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1 C. L. Bull. 1 (1968-1969)

handle is hein.journals/colewbult1 and id is 1 raw text is: IUBLISHED MONTHLY BY THE UNITED STATES NATIONAL STUDENT ASSOCIATION

The COLLEGE LAW BULLETIN is the new publication of the Student Legal Rights Program within
the U. S. National Student Association. The BULLETIN is designed to meet a need that has intensified
only recently: the collection and dissemination of current material pertaining to the legal rights of students,
faculty, and administrators in the special context of the American college and university.
The first issue of the BULLETIN is being sent to you free of charge in the hope that you will become
a regular subscriber in the future. Management of the BULLETIN is under Mr. Roy Lucas, a New York
attorney (as Editor-in-Chief) and Mr. Al Milano, Director of the Student Legal Rights Program (as Man-
aging Editor). The BULLETIN is prepared in New York and published at the USNSA offices in Wash-
ington, D. C.
The BULLETIN will be published on a monthly basis, except for July and August. In addition to re-
ceiving the BULLETIN, you will be sent occasional papers concerning student legal rights, as they are pre-
pared by the Student Legal Rights program. The BULLETIN will publish brief notes on decisions and pend-
ing cases, administrative rulings and regulations, statutes, law review articles, and important recent books.
There will also be descriptions of the activities of various projects and announcements of significant meetings
dealing with the area covered by the BULLETIN.
We would be indebted to individuals who would send relevant current information to Mr. Lucas, 20
East 9th St., New York, N. Y. 10003. Of special interest are pending cases, unpublished decisions, abstracts
of significant campus problems, and projected conferences or publications. Copies of briefs, orders, and mate-
rials too extensive for full publication will also be useful.
Subscription rates and information is located on the back page.
Summary of 1967-68 Term Cases Affecting the Legal Rights of
Students, faculty Members, and College Administrators

Freedom of Expression -
Faculty Criticism of School Board:
Faculty member reinstated after having been fired for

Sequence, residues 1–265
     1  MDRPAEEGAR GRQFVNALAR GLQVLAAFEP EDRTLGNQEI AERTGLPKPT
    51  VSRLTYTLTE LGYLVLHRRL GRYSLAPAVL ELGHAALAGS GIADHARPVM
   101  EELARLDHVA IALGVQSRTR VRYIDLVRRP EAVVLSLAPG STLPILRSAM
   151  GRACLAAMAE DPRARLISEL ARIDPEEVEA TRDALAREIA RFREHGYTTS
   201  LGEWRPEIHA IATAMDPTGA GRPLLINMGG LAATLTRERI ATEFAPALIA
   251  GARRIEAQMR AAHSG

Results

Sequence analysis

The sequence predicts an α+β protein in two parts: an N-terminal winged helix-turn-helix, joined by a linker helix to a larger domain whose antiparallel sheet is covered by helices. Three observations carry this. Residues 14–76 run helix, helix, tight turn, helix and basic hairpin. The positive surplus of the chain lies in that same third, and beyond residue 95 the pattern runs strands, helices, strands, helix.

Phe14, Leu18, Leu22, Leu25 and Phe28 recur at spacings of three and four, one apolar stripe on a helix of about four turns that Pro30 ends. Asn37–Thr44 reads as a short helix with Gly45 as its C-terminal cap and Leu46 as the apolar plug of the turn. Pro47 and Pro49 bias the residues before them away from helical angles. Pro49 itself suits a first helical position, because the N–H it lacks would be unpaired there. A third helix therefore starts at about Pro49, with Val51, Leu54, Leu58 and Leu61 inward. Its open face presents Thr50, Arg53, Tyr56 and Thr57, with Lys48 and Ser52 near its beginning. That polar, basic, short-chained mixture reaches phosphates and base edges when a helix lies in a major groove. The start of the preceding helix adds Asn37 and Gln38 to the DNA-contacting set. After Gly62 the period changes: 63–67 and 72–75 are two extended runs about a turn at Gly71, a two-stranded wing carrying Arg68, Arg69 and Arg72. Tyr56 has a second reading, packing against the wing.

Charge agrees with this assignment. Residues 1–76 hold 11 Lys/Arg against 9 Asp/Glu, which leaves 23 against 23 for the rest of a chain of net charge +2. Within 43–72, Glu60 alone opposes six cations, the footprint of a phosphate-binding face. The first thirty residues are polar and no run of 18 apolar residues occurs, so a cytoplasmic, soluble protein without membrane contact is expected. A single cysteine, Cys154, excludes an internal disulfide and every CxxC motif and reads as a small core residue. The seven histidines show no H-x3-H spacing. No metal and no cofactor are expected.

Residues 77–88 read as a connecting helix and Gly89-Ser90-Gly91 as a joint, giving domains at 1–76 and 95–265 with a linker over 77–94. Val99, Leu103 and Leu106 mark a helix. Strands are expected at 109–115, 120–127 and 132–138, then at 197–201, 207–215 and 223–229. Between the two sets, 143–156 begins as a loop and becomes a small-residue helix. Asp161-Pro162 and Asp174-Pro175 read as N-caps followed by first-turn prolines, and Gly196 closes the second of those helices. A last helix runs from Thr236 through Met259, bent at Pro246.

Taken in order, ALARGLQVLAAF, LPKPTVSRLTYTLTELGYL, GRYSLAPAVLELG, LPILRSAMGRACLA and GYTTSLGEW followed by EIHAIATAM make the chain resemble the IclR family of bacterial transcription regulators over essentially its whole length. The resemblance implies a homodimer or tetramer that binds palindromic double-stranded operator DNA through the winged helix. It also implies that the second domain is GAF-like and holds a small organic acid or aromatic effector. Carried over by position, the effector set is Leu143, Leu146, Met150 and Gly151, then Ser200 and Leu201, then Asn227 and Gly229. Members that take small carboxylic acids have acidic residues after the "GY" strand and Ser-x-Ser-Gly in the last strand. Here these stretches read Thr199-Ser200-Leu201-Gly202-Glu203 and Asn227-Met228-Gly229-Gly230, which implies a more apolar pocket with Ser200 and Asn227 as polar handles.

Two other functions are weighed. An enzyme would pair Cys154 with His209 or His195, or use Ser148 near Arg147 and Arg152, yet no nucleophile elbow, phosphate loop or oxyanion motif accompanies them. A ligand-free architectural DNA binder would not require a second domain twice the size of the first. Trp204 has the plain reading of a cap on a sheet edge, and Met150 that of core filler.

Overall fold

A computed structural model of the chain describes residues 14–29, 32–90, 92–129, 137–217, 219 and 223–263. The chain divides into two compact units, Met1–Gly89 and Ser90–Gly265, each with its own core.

writing critical letter to local newspaper about manner
in which school board had handled past proposals to
raise new revenue for schools.
In Pickering v. Board of Education, 391 U. S. 563
(1968), rev'g 36 Ill. 2d 568, 225 N.E.2d 1 (1967), the
Supreme Court decided a case of major significance to
members of the academic community. The case involved
the right of a public school teacher to criticize his superiors
in public discourse. Pickering had written a partially in-
accurate letter to the local newspaper criticizing the way
... the Board . . . had handled past proposals to raise new
revenue for the schools. The Board subsequently fired
Pickering on the ground that publication of the letter was

'detrimental to the efficient operation and administration of
the schools of the district . . . .' 
Pickering claimed that his writing of the letter was pro-
tected by the First and Fourteenth Amendments. The
Supreme Court accepted this position-eight-to-one-and
ordered Pickering reinstated. The Court's opinion dis-
cussed several important points.
Firkt the Juitices reaffirmed the established principle
that teachers may not constitutionally be compelled to
relinquish the First Amendment rights they would other-
wise enjoy as citizens to comment on matters of public
interest in connection with the operation of the public
schools . . . . This once again repudiates the notion that
teachers are somehow burdened with an obligation to with-
draw silently from public affairs.
Second, the Court pointed out that no question of
maintaining either discipline by immediate superiors or
harmony among coworkers was at issue. The Justices

Vol. I, No. 1, November, 1968

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